47 P.3d 441 (N.M. 2002), 27,149, Baca v. New Mexico Dept. of Public Safety

Docket Nº:27,149.
Citation:47 P.3d 441, 132 N.M. 282, 2002 -NMSC- 17
Opinion Judge:[12] The opinion of the court was delivered by: Per Curiam
Party Name:Jim BACA, Petitioner, v. NEW MEXICO DEPARTMENT OF PUBLIC SAFETY, Respondent, and Ken McWethy, Heather Bartels, and Paul Lisle, Intervenors.
Attorney:Vogel, Campbell, Blueher & Castle, P.C. David S. Campbell, Albuquerque, NM, for Petitioner., Patricia A. Madrid, Attorney General, Jerome Marshak, Assistant Attorney General, Santa Fe, NM, for Respondent., John James D'Amato, Shannon Robinson, Albuquerque, NM, Stephen P. Halbrook, Fairfax, VA, fo...
Case Date:June 04, 2002
Court:Supreme Court of New Mexico
 
FREE EXCERPT

Page 441

47 P.3d 441 (N.M. 2002)

132 N.M. 282, 2002 -NMSC- 17

Jim BACA, Petitioner,

v.

NEW MEXICO DEPARTMENT OF PUBLIC SAFETY, Respondent,

and

Ken McWethy, Heather Bartels, and Paul Lisle, Intervenors.

No. 27,149.

Supreme Court of New Mexico

June 4, 2002.

Page 442

[132 N.M. 283] Vogel, Campbell, Blueher & Castle, P.C. David S. Campbell, Albuquerque, NM, for Petitioner.

Patricia A. Madrid, Attorney General, Jerome Marshak, Assistant Attorney General, Santa Fe, NM, for Respondent.

John James D'Amato, Shannon Robinson, Albuquerque, NM, Stephen P. Halbrook, Fairfax, VA, for Intervenors.

Rene C. Ostrochovsky, Albuquerque, NM, for Amici Curiae, Brady Center to Prevent Gun Violence, New Mexico Advocates for Children and Families, New Mexico Council on Crime and Delinquency, and New Mexico Pediatric Society.

OPINION

PER CURIAM.

{1} Petitioner Jim Baca, invoking this Court's constitutional power of original jurisdiction in mandamus, seeks a writ of mandamus prohibiting the Department of Public Safety from enforcing the provisions of the Concealed Handgun Carry Act, NMSA 1978, § 29-18-1 to -12 (2001). See N.M. Const. art. VI, § 3 (establishing this Court's original jurisdiction in mandamus). Petitioner contends that the Act violates Article II, Section 6 of the New Mexico Constitution because, he argues, this constitutional provision prohibits the carrying of concealed weapons. Alternatively, Petitioner argues that the Act is unconstitutional because it permits local governments to regulate an incident of the right to bear arms in conflict with Article II, Section 6. We conclude that the Act unconstitutionally allows municipalities and counties to regulate an incident of the right to bear arms and thus issue the writ of mandamus on this basis. As a result, we need not reach the argument that Article II, Section 6 prohibits the carrying of concealed weapons.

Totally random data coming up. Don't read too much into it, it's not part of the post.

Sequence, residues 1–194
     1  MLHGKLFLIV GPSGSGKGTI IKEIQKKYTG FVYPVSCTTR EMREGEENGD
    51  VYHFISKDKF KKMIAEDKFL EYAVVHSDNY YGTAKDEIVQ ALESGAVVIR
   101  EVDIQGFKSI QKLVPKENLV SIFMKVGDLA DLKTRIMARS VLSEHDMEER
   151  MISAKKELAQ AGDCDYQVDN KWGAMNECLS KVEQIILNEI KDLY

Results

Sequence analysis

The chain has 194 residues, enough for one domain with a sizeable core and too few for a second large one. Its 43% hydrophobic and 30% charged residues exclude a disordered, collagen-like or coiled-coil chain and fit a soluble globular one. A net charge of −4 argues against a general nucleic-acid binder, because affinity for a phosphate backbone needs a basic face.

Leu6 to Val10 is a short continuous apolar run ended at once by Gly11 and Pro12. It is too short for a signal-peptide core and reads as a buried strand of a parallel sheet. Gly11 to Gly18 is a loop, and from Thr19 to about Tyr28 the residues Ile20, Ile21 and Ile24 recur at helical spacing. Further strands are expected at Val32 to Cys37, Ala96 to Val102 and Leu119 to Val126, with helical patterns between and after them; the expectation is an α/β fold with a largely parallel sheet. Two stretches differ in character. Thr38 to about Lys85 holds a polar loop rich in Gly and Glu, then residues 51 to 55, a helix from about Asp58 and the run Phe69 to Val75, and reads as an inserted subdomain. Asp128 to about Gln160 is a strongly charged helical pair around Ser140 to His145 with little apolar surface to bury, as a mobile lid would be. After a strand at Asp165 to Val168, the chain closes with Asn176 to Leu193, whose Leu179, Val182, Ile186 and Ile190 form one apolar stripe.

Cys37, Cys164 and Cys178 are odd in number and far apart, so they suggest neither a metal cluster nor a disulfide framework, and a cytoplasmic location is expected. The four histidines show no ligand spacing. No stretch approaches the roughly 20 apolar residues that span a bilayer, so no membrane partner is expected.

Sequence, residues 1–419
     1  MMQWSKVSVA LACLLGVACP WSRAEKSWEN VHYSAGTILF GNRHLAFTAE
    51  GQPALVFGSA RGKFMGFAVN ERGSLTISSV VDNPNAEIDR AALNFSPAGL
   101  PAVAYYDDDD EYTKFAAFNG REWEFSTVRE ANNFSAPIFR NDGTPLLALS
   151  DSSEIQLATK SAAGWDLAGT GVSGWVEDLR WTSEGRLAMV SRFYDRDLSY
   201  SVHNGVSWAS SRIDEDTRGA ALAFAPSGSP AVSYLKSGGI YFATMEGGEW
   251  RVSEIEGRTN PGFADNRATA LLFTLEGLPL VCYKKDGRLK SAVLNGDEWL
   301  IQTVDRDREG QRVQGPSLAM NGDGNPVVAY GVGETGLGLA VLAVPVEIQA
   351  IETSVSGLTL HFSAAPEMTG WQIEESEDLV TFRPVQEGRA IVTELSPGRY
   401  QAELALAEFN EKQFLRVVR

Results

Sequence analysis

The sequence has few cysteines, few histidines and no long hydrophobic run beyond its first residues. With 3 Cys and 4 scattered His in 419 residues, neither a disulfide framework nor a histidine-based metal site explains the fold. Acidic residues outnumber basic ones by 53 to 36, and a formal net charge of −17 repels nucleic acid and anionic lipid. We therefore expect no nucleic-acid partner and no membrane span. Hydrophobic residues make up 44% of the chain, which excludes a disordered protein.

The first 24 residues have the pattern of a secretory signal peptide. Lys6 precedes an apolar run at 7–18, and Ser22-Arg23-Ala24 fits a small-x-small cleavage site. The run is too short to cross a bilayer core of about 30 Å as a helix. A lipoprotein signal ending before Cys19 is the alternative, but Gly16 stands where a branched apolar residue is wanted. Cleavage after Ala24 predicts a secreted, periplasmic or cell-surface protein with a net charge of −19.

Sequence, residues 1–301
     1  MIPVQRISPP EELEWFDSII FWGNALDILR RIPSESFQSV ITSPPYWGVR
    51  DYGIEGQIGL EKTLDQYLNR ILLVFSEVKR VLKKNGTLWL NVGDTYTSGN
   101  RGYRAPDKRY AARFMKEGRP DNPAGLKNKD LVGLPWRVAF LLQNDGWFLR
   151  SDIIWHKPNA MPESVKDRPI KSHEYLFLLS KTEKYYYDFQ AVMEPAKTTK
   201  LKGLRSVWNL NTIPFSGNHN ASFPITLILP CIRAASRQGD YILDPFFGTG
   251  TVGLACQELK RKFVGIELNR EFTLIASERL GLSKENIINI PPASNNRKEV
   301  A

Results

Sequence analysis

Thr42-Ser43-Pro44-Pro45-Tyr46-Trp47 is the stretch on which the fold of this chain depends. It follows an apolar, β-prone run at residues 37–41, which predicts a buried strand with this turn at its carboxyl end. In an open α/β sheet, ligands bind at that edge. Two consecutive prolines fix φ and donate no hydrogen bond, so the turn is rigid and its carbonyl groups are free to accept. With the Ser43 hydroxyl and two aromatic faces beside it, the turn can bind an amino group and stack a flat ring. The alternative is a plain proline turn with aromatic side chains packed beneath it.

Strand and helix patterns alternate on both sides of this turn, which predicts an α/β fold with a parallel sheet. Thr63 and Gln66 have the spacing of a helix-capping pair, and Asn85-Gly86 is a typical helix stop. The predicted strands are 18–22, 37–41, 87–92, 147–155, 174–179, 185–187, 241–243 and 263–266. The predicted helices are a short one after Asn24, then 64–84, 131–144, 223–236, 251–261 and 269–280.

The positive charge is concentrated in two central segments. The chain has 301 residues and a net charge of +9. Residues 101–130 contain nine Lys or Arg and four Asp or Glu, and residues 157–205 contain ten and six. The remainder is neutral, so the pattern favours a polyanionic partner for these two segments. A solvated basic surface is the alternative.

I. Standing

{2} Petitioner initially filed his petition in his individual capacity as well as in his official capacity as Mayor of the City of Albuquerque. Following oral argument, this Court directed the parties to brief several

Page 443

[132 N.M. 284] specific questions. During this additional briefing, Martin J. Chavez succeeded Petitioner as Mayor of Albuquerque. Mayor Chavez then moved to substitute himself as public officer pursuant to Rule 12-301(C) NMRA 2002 and to strike the petition on the ground that it no longer represented the position of the Mayor of Albuquerque. In response, Petitioner contended that we should not dismiss the petition because he has standing to pursue the matter in his individual capacity. We granted Mayor Chavez's motion to substitute based on Rule 12-301(C) and now permit him to withdraw as a party due to his rejection of the petition. However, we have denied Mayor Chavez's motion to strike the petition based on our decision to confer standing on Petitioner to maintain this action in his individual capacity due to the importance of the issues involved.

{3} Petitioner seeks to invoke this Court's original jurisdiction in mandamus. "Assuming mandamus would otherwise lie, we exercise our power of original jurisdiction in mandamus if the case presents a purely legal issue that is a fundamental constitutional question of great public importance." County of Bernalillo v. N.M. Pub. Regulation Comm'n (In re Adjustments to Franchise Fees), 2000 NMSC 035, ¶ 6, 129 N.M. 787, 14 P.3d 525. "We have recognized mandamus as a proper proceeding in which to question the constitutionality of legislative enactments." State ex rel. Sego v. Kirkpatrick, 86 N.M. 359, 363, 524 P.2d 975, 979 (1974). In this context,

it has been clearly and firmly established that even though a private party may not have standing to invoke the power of this Court to resolve constitutional questions and enforce constitutional compliance...

To continue reading

FREE SIGN UP